Taroko Gorge was just a road before it became a national park. And a hell of road it still is. It seems almost sadistic to build such a narrow, treacherous road in a place so beautiful. This landmark on the east coast of Taiwan is home to sheer marble cliffs, green mountains, a raging river, and plenty of attractive spots to take a selfie.
Taipei, Taiwan is the perfect “starter city” for newbie tourists totally unfamiliar with Asia. The public infrastructure is incredible, the amenities are cutting edge, the people are friendly and there’s just the right amount of foreignness (shrimp fishing, hot springs!) to entertain but not overwhelm fresh-faced visitors. After all, there’s always a Starbucks or McDonald’s nearby. My friend and I came to this conclusion after spending a few days in Taipei. It was a fun trip, but I wanted to get out of the Taipei bubble and see the rest of the island of Taiwan.
Most people come to the village of Jiufen, which inspired scenes in the beautiful Spirited Away, for some crowded shopping on the old street. The scenery is also a top draw, but most visitors don’t bother making it to the best vantage point in the area. A short walk from the market is the clearly marked Jilongshan Mountain. Read more
Up a narrow, winded road is this vantage spot in Jiufen, about 90 minutes from Taipei by bus. It’s a picture perfect area despite the hordes of tourists who try to make their way through the lengthy market street. That area is a bit claustrophobic, so it’s outside where the real beauty lies.
When my friend Vinti suggested going indoor urban shrimp fishing when we met in Taipei, it sounded like something hipsters in Brooklyn would do (assuming the draconian laws in New York City allows would actually allow such fun). Still, it sounded like a great off-the-beaten-path activity and I looked forward to it. We didn’t know of any shrimp fishing places near the central Daan district, so we took a 20-minute cab ride to a neighborhood chock full of Japanese eateries (I have no idea where it actually was, sorry) and walked inside what appeared to be a low-key restaurant with garish lighting. In the back was a large murky pool. The fun soon began.
We spoke no Chinese, but pantomimed that we wanted to go fishing for an hour. We were given tiny rods and were the only ones sitting there on a weekday night. The employee put a tiny dried shrimp (cannibals!) on the hook and plopped the lure and bobber into the water. Within moments he had a hard bite.
The Beitou Hot Springs in Taipei is the best time you’ll ever have surrounded by old men in Speedos. Retirees flock to the four tiers of pools on the outskirts of the city during the daytime due to purported health benefits of the springs and also the low, low prices.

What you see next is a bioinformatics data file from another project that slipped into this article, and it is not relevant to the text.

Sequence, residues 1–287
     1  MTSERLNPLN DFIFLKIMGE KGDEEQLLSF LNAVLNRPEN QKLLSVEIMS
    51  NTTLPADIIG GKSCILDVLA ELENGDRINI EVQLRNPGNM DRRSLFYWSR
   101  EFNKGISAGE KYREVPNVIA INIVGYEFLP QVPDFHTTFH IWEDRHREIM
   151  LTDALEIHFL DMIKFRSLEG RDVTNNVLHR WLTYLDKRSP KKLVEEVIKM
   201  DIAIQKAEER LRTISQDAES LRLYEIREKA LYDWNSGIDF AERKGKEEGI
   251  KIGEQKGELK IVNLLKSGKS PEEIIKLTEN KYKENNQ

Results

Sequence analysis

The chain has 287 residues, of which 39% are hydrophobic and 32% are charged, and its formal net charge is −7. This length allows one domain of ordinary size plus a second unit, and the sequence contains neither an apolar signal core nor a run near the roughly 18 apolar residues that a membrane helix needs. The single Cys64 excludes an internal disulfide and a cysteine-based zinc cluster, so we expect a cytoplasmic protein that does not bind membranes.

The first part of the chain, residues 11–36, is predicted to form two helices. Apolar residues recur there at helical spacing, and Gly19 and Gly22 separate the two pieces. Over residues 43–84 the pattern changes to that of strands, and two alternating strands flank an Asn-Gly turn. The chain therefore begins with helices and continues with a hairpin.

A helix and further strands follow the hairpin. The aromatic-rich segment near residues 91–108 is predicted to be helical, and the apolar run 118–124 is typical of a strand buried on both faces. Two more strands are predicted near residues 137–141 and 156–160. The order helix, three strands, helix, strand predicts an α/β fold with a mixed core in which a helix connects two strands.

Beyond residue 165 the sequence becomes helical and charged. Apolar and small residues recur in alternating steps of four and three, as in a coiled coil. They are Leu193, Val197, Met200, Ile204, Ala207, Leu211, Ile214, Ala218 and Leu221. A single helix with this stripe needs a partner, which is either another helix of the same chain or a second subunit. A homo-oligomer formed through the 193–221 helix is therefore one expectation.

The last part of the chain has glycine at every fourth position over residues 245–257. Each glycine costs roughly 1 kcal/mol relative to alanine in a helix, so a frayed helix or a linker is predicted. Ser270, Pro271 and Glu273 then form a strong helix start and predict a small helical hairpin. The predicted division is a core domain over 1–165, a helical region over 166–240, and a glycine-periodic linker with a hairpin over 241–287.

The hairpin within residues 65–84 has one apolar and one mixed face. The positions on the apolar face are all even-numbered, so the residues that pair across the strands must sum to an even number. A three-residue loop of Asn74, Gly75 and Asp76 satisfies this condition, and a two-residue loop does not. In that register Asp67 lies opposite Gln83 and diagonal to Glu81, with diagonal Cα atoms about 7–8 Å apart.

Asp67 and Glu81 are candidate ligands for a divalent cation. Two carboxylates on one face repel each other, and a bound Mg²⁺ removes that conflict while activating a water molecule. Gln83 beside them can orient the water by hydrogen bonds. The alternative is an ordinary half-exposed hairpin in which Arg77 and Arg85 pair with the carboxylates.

Tall buildings are the quintessential tourist traps. No matter what country you’re in, you’re charged way too much money to ride an elevator, mill around for a short while and then head back down to earth with the opportunity to purchase a miniature version of the building you were just on.
The views are typically excellent, but there are diminishing returns once you reach a certain height. The 101 floors on the aptly-named Taipei 101 seemed like overkill. There were perfectly good views from the 45th floor of a hotel I stayed at. Why go up the second tallest building in the world? (skip to the bottom for the TL:DR ).
It seems like anywhere you go in Taiwan, it’s impossible not to find a place selling mango shaved ice. This concoction typically involves a bowl full of shaved ice, mangos cut into cubes, some condensed milk to further sweeten the dish. Many places top it off with a couple scoops of ice cream. This is all well and good, but when the mango is perfect, simplicity is preferred.
Down in Tainan County, about four hours from Taipei, farmers grow the most incredible mango I’ve ever tasted. I’d sampled many variations of my favorite fruit in Cambodia, where locals claim there are more than ten kinds. Tainan’s Irwin mangos are on another level and apparently a popular export to Japan. Plus, they’re twice the size of the typical mango. A shaved ice vendor in Tainan gladly told all of this to my brother, who speaks Mandarin.
An eight-hour flight delay is never pleasant. Or at least that’s what I thought before being stuck at the Taoyuan Airport in Taipei. My Eva Air flight had mysterious technical difficulties, and while many of the passengers angrily waited near the boarding area, I explored every section of terminal 2.
It was the only airport I’ve been to where I didn’t feel like I was stuck in a bleak – yet spacious – prison. There’s even a Hello Kitty lounge (if you’re into that kind of thing). Here are a few reasons Taipei airport is the best I’ve ever been to, despite the lengthy security queue.
Best of all, you don’t have to be some rewards member to enjoy any of these. You don’t even need to pay a single Taiwanese dollar.